Rwanda undertakes new population census after 10 years

Rwanda undertakes new population census after 10 years

Rwanda has embarked on a national population and housing census involving households, visitors and citizens in the diaspora as government seeks fresh data to guide effective planning and tackle poverty.

This year's census, which officially starts Tuesday and is expected to go on until September 30, is the fifth one in the country since 1978 when the total population stood at 4,831,527.

"For those [Rwandans who are member of the diaspora] who will be in Rwanda, they will be considered as visitors, but we encourage them to use the web application for Rwandans living in the diaspora. We call upon all Rwandans living in the diaspora to be counted because they count," said Yusuf Murangwa, head of the National Institute of Statistics (NISR) in a message shared ahead of the start of the exercise.

The latest census in August 2012 found the number of population to have more than doubled to 10,515,973 with a density of 415 persons per square kilometer, making Rwanda one of the most densely populated countries globally.

NISR  then projected population to reach 13.3 million in 2022 and 16.5 million in 2032 and double towards 2047 based on the then annual growth rate of 2.6 per cent.

High fertility

However, concerns since arose over fast rising demography in view of high fertility rates at above 4 children per woman in successive Demographic Health Surveys (DHS) amid unmet demand for contraceptives, worrying rise in teenage pregnancy rates and longer life expectancy, among other factors.

This fomented fears that the population density could hit a record high of about 830 persons per square kilometer with the population likely to triple in 30 years — something that could undermine the country’s overall target of attaining a middle income status by 2035 and high-income status by 2050.

Under the projection, which is pegged on series of seven-year National Strategies for Transformation (NST1), Rwanda seeks to effectively end poverty and boost per capita income from $754 as at 2017 to at least $1,382 by 2024, $4,035 by 2035 and $12,000 by 2050.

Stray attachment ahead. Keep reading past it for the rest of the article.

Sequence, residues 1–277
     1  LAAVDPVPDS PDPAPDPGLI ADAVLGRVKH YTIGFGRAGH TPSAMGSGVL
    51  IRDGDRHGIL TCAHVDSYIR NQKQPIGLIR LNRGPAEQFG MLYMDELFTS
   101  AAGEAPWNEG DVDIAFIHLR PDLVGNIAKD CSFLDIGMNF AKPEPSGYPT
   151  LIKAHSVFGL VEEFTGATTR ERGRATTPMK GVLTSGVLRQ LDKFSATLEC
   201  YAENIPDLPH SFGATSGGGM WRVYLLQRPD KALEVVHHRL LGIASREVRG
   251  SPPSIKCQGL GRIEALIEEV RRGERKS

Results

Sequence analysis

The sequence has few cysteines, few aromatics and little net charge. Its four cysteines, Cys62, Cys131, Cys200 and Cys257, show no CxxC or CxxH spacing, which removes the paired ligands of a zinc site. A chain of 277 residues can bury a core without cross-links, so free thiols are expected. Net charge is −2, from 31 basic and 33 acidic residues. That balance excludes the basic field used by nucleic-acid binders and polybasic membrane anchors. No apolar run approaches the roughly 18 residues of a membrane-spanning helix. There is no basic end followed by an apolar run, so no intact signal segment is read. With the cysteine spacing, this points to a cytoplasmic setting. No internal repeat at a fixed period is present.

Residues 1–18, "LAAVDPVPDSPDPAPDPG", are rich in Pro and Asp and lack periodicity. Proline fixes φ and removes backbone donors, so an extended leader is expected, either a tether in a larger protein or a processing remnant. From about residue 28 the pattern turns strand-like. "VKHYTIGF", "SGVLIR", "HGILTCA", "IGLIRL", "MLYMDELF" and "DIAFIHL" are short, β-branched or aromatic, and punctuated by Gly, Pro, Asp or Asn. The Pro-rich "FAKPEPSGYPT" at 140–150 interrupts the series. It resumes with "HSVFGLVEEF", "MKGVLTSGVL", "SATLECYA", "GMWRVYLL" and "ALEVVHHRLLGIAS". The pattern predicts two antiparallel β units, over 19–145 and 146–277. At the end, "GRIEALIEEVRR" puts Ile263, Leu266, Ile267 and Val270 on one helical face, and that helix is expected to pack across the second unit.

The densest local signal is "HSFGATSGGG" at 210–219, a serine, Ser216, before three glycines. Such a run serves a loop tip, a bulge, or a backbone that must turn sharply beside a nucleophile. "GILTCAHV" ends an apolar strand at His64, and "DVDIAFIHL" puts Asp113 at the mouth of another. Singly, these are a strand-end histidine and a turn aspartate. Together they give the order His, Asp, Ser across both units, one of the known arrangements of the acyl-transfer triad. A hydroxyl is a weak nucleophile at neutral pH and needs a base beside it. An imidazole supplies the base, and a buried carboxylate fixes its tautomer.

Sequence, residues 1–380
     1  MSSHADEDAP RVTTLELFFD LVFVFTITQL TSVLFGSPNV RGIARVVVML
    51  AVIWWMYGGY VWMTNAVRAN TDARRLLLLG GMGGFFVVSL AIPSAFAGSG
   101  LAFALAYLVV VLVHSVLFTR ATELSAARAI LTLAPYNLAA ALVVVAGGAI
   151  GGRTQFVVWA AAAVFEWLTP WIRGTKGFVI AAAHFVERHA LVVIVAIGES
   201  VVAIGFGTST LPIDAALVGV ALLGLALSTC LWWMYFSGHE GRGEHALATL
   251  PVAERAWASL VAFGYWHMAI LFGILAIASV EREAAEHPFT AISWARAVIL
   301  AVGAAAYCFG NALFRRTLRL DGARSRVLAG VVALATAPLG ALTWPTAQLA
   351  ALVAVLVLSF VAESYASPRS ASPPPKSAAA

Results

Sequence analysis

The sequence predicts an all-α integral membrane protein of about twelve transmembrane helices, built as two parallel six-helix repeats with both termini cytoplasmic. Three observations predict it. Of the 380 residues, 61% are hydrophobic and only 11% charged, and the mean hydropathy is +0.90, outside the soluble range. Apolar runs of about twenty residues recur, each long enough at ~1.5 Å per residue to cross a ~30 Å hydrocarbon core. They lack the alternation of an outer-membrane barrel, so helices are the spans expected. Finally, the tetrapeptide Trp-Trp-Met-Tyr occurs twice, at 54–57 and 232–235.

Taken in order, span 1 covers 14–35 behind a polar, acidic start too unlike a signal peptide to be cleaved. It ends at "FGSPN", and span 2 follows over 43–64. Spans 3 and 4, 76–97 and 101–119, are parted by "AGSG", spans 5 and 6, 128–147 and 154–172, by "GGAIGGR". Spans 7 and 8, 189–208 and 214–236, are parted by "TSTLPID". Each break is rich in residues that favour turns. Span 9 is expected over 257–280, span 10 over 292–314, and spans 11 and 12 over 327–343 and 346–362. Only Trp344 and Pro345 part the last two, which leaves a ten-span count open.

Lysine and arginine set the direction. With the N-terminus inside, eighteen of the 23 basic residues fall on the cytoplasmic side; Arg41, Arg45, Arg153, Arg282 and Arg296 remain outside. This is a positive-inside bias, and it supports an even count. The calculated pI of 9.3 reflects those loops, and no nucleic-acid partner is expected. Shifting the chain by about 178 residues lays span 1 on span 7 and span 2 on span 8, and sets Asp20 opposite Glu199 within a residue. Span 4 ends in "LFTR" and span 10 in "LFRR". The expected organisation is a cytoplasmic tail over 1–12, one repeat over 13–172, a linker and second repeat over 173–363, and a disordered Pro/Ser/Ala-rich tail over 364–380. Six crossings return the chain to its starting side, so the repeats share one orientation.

“Population growth in itself is not a problem. In the short to medium term, the main challenge will be to equip the young generations with necessary skills and establishing the right environment in which they will be productive to their full potential,” statisticians at NISR had concluded based on the 2012 census findings.

The agency also pointed to the fact that the country faced competing challenges of population density, settlement, urbanisation and agriculture development.

It indicated, for instance, that agriculture should grow higher than population growth if food security is to be maintained and much higher if it is to further support poverty reduction, agro-processing industries and trade.

Pandemic toll

Economists say the new census will provide fresh data which will enable government planners make necessary adjustments in design of programmes and projects aimed at tackling key human security issues like poverty and malnutrition as well as revise targets across key sectors.

In particular, the census is taking place following the Covid-19 pandemic that took a heavy toll on gains made over the years across sectors, including derailing overall economic growth and projections.

Both the IMF and World Bank data show the COVID-19 pandemic has raised unemployment and poverty in Rwanda with “risks reversing hard-won gains from the past decades in areas such as human capital developments.”

In May 2021, the unemployment rate rose at 23.5 per cent from 17.0 per cent in February the same year.

The 2021 labour force survey report published in March 2022 indicated the unemployment rate stood at 21.1 per cent. But the rate is higher among youth at 26.5 per cent.

The brochures issued by the National Institute of Statistics shows enumerators will spend the coming weeks gathering details ranging from the demographic, economic and social data like individual’s labour and employment statuses, birth and death incidences, housing characteristics and level of education.

Other questions center around language mastery and use, digital device ownership and internet use, among others.

The exercise will cost Rwf30 billion ($28.8 million), according to the National Institute of Statistics.